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|کد مقاله||سال انتشار||مقاله انگلیسی||ترجمه فارسی||تعداد کلمات|
|26964||2011||12 صفحه PDF||سفارش دهید||10102 کلمه|
Publisher : Elsevier - Science Direct (الزویر - ساینس دایرکت)
Journal : Journal of Corporate Finance, Volume 17, Issue 4, September 2011, Pages 1016–1027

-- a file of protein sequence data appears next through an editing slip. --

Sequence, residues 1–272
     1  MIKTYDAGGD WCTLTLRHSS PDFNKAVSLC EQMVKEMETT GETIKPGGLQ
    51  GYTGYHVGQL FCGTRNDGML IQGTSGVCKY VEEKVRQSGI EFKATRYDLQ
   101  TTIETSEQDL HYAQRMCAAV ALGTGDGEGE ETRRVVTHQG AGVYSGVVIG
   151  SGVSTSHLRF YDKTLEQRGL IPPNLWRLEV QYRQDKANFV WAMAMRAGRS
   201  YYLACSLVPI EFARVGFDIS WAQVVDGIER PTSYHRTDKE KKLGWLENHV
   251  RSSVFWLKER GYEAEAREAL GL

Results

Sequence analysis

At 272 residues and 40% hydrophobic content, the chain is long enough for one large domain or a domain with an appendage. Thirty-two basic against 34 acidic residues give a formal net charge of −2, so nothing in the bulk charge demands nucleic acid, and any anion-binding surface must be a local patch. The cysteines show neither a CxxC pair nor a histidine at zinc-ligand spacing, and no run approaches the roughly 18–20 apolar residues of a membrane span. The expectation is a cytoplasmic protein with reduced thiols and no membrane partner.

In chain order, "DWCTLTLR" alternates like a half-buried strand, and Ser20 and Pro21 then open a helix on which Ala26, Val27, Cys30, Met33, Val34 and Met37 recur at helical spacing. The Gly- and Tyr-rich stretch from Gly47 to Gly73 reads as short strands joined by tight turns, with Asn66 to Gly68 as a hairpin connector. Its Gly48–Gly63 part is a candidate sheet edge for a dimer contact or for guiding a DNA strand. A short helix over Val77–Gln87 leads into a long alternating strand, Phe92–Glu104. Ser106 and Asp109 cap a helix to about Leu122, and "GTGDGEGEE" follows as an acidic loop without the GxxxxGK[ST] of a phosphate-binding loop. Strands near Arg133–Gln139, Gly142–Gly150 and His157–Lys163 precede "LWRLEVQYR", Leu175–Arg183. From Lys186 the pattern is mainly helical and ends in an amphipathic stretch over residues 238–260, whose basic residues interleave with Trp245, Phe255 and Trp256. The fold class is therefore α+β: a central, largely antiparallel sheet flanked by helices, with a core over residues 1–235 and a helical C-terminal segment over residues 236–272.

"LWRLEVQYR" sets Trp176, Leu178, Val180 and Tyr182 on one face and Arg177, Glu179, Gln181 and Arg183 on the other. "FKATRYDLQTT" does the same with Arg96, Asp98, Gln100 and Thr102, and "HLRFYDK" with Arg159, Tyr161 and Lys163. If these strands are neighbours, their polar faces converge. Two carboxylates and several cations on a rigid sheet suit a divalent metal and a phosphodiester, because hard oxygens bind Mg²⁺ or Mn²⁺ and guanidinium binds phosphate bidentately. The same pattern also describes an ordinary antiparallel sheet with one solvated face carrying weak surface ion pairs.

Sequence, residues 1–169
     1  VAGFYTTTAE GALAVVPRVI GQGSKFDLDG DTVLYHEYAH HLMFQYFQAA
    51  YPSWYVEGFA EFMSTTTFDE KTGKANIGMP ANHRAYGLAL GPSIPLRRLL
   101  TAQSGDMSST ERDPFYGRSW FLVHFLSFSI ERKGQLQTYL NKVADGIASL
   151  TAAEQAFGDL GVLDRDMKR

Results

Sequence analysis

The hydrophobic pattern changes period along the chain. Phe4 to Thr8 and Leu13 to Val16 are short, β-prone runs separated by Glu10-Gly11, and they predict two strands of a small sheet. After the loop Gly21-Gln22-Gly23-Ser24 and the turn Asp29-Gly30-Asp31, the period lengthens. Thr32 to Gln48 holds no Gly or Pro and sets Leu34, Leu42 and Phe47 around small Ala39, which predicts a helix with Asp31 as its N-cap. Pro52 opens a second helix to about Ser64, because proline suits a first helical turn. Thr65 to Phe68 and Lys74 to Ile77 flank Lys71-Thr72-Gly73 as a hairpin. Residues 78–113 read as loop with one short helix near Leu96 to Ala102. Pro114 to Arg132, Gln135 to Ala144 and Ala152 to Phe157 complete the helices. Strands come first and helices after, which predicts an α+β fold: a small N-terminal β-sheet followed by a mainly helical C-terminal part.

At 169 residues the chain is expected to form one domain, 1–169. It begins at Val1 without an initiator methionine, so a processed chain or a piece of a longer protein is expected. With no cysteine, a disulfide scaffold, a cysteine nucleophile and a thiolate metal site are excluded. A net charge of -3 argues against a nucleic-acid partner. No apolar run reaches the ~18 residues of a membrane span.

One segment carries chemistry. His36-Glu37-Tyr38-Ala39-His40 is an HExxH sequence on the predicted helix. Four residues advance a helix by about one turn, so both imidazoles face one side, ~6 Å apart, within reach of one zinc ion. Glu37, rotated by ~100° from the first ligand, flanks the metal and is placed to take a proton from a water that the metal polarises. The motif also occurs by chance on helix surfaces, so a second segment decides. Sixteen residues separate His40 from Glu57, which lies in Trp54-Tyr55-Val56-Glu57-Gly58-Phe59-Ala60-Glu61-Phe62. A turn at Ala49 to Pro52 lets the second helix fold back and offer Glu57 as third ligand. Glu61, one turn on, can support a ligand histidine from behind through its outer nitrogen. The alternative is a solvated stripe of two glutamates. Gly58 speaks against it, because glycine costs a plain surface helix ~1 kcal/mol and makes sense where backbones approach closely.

Despite recent evidence on the importance of chief executive officer (CEO) successions in family firms, we still know little about the differences in corporate strategies entailed by family and professional managers around transition. We investigate the consequences of managerial successions for the financial policies of Italian family firms. Our findings indicate that the appointment of non-family professional CEOs leads to a significant increase in the use of debt, primarily driven by short-term maturities. We document substantial heterogeneity in the impact of professional successions on debt financing: the increase in debt is particularly pronounced for young firms, firms with a high level of investment, and firms in which the controlling family maintains a dominant representation on the board of directors. Examining the importance of financial flexibility, we find that the increase in debt occurs primarily when firms are cash-poor, and when incoming CEOs can exploit spare borrowing capacity.